The United States and Mexico have reached an historic trade deal revising the North American Free Trade agreement. The deal is expected to benefit both countries.
Noticeably absent from the agreement was Canada, one of America's top trading partners.
In an Oval Office phone call with Mexican President Nieto, President Trump explained his reasons for renegotiating the North American Free Trade Agreement, including dropping the name NAFTA.
"I like to call this the United States-Mexico Trade Agreement. I think it's an elegant name. I think NAFTA has a lot of bad connotations for the United States because it was a rip-off. It was a deal that was a horrible deal for our country," he said.
Economists like the Heritage Foundation's Stephen Moore expressed surprise.
"If you had asked me six months ago are we going to get a trade deal with Mexico before Canada? I would have said it was so improbable, but here we are," Moore said.
The new agreement with Mexico provides zero tariffs on agricultural products. It also requires that 75 percent of the parts of cars sold in North America be produced in the US or Mexico.
In addition, 40 to 45 percent of the parts of cars sold must be made by employees making at least $16 per hour.
News of the deal gave an already strong economy a shot in the arm as the Nasdaq and the S&P 500 jumped to record highs.
President Trump said negotiations to bring Canada into the new deal should start soon.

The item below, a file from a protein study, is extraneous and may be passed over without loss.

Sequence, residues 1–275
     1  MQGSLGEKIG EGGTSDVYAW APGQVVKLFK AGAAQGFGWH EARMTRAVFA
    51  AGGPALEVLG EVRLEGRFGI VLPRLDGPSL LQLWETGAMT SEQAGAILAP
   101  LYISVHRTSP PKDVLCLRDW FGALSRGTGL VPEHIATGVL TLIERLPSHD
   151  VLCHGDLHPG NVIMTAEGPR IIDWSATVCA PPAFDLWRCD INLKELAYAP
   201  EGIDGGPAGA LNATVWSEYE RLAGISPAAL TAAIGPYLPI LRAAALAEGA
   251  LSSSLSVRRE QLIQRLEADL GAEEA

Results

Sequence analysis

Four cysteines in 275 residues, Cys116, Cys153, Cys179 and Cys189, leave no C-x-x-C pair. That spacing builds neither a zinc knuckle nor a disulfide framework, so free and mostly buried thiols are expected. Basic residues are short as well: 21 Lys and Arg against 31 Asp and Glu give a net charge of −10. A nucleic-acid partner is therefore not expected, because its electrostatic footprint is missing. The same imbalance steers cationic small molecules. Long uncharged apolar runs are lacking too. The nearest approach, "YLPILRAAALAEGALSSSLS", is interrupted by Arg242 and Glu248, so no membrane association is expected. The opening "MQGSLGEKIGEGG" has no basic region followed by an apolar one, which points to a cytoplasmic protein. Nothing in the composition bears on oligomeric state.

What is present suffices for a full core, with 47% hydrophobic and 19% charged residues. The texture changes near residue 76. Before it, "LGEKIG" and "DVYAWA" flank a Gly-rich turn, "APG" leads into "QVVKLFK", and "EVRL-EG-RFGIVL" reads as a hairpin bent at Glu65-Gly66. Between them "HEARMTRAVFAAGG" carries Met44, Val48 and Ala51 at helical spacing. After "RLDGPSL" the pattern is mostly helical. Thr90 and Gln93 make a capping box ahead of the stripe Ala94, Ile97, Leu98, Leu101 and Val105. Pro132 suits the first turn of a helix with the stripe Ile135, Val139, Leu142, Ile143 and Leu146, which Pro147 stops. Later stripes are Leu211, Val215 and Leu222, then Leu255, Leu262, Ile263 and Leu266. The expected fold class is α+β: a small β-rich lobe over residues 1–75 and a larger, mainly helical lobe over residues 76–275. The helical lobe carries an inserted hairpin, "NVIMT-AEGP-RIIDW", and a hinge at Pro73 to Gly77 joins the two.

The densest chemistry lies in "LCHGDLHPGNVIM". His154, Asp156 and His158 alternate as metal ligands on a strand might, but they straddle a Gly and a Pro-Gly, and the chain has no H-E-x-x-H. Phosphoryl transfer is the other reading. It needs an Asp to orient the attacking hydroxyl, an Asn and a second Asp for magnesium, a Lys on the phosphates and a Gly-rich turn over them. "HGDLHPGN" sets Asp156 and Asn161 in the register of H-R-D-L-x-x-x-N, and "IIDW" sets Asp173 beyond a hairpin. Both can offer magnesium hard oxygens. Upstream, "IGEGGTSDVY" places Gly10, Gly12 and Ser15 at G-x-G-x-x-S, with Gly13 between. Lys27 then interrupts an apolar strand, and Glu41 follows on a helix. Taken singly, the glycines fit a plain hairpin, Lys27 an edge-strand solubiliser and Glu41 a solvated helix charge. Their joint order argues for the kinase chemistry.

"If they would like to negotiate fairly we will do that. You know they have tariffs of almost 300 percent on some of our dairy products, we can't have that. We're not going to stand for that. I think with Canada the easiest things we can do is tariff their cars coming in," Trump insisted.
But some economists argue hefty tariffs on cars and other products could lead to a trade war that may only harm a booming US economy.
"If you want free and fair trade with a level playing field, let's get the tariffs down. The United States will benefit from that because we already have the lowest tariffs," Moore told CBN News.
Moore and others say the US-Mexico agreement jumpstarts prospects for a negotiated deal with the Europeans and gives an upper hand in negotiations with China.
News of this deal comes as the US economy is seeing record low unemployment and rapid growth.
The Atlanta Federal Reserve reports the economy so far in the third quarter is growing at 4.8 percent – the fastest rate in 20 years.
President Trump has criticized the Fed for raising interest rates and Moore explained why the president is frustrated.
He said, "The Fed seems wanting to take the punch bowl away from this party. And I happen to agree with him. I don't see a lot of signs of inflation out there right now."
Still to be done to keep the economy moving forward? Moore says a wage hike is needed to bring more help to middle-class workers.